The 15th Infantry was reactivated on 3 May 1861 with headquarters in Newport Barracks, Kentucky. Before the end of the Civil War, the Regiment fought 22 major engagements, including Chattanooga, Chickamauga, Murfreesborough, and Atlanta. The Regiment's crest included the acorn, the symbol of General Thomas' XIV Corps and the mountain of stone to symbolize the Corps' firm stand as the "Rock of Chickamauga." The 4 acorns represented the 4 major engagements.

Following the Civil War, the 15th Infantry served on occupation duty in Alabama until 1869. The Regiment was redeployed to the West, serving in Missouri, New Mexico, the Dakotas, and Colorado. The 15th Infantry participated in campaign against the Ute Indians of Colorado and against the Mescalero Apaches before relocating to Fort Sheridan in January 1891.

With the outbreak of the Spanish-American War in 1898, the Regiment moved to Huntsville, Alabama on 12 October 1898 for intensive training. It sailed from Savannah, Georgia, on 27 November 1898 for Nuevitas, Cuba, for occupation duty. On 5 October 1900, the Regiment sailed home to be posted throughout upper New York and Vermont.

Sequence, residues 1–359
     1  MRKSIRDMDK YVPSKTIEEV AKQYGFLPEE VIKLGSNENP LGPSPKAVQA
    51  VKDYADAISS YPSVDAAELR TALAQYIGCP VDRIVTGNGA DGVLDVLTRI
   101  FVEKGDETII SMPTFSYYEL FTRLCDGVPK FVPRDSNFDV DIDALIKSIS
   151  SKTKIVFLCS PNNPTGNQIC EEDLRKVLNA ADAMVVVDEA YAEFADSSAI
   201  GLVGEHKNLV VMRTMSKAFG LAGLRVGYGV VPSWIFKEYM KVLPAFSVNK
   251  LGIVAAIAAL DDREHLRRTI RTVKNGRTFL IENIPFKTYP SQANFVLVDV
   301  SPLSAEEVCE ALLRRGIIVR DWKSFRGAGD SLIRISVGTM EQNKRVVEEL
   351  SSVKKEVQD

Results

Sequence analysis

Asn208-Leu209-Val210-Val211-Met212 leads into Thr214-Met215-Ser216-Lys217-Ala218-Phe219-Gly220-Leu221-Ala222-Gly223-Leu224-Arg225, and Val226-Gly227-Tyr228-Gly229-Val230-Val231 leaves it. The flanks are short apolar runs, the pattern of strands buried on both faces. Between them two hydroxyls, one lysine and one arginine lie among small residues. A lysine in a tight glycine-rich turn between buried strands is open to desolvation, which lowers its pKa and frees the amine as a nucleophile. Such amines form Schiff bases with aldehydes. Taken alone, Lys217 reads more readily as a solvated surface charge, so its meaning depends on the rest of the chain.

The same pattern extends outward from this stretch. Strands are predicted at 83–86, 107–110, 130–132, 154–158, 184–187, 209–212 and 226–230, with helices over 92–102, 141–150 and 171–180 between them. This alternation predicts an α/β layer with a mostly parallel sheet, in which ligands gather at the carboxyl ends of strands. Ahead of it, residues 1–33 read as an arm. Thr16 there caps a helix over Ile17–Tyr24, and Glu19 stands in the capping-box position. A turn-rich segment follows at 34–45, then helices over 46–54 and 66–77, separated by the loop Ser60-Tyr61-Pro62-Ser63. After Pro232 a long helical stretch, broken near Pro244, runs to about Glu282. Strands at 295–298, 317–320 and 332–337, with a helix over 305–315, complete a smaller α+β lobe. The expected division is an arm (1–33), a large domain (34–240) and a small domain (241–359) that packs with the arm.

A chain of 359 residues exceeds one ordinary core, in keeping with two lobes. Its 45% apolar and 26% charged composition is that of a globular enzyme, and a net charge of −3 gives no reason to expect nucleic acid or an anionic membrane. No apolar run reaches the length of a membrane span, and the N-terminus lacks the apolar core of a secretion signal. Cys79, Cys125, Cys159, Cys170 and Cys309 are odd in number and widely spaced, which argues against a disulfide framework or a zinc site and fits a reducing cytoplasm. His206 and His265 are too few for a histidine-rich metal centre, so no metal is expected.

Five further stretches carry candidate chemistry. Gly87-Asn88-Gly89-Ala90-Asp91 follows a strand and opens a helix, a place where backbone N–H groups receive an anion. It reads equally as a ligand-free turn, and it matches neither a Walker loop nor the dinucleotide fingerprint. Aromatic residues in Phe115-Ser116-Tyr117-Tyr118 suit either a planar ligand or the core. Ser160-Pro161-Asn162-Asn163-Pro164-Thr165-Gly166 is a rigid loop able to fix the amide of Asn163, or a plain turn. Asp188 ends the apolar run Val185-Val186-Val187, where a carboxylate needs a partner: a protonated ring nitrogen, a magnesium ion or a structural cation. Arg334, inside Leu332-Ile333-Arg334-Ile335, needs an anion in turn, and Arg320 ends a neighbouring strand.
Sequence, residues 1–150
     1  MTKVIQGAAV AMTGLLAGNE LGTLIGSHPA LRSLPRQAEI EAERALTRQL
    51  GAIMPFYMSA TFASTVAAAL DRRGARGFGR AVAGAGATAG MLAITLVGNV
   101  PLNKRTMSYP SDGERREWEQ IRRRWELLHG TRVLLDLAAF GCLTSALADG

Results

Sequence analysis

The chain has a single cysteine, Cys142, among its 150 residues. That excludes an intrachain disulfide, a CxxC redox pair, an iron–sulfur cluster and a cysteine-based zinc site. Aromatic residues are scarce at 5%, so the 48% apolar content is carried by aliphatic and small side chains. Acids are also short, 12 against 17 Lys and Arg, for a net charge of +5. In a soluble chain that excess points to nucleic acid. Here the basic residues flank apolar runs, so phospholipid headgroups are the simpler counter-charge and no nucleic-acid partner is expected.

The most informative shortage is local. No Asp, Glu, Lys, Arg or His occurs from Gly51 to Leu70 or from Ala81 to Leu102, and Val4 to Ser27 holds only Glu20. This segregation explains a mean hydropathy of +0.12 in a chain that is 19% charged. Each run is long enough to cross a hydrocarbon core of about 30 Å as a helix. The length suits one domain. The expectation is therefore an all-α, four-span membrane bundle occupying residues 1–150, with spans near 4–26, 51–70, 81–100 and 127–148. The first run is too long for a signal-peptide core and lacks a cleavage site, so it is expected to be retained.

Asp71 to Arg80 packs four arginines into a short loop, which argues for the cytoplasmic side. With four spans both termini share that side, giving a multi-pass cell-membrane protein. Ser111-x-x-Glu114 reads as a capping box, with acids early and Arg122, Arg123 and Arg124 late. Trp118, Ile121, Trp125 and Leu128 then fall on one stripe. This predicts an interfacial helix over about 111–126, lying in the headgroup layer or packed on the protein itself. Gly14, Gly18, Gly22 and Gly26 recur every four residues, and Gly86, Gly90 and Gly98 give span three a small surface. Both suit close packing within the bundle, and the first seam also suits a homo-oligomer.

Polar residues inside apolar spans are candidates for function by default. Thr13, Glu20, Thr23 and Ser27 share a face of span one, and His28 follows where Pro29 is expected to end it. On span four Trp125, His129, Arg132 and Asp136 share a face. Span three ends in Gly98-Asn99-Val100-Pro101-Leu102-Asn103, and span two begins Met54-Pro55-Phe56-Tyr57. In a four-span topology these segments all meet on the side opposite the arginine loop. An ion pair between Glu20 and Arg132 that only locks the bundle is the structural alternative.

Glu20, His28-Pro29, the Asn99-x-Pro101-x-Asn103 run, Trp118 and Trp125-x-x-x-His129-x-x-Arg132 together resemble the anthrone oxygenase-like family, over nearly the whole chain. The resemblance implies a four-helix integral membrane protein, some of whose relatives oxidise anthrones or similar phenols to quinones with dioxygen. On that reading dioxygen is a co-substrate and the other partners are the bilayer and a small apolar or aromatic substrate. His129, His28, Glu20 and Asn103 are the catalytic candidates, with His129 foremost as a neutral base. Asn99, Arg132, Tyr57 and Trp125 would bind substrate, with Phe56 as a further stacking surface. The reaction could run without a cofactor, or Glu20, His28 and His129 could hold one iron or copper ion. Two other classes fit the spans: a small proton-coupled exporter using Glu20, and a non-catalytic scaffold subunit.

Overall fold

On 16 August 1900 most of the Regiment was in Tientsin, China, for service against the Boxer Rebellion. 3rd Battalion, 15th Infantry was ordered to Manilla in September 1900 to assist in suppressing the Aquinaldo Insurrection. By April 1902, the balance of the Regiment joined the 3rd Battalion in the Philippines and saw considerable action against the insurgents. In September 1902, the regiment sailed for Monterey, California, where it built the current Presidio.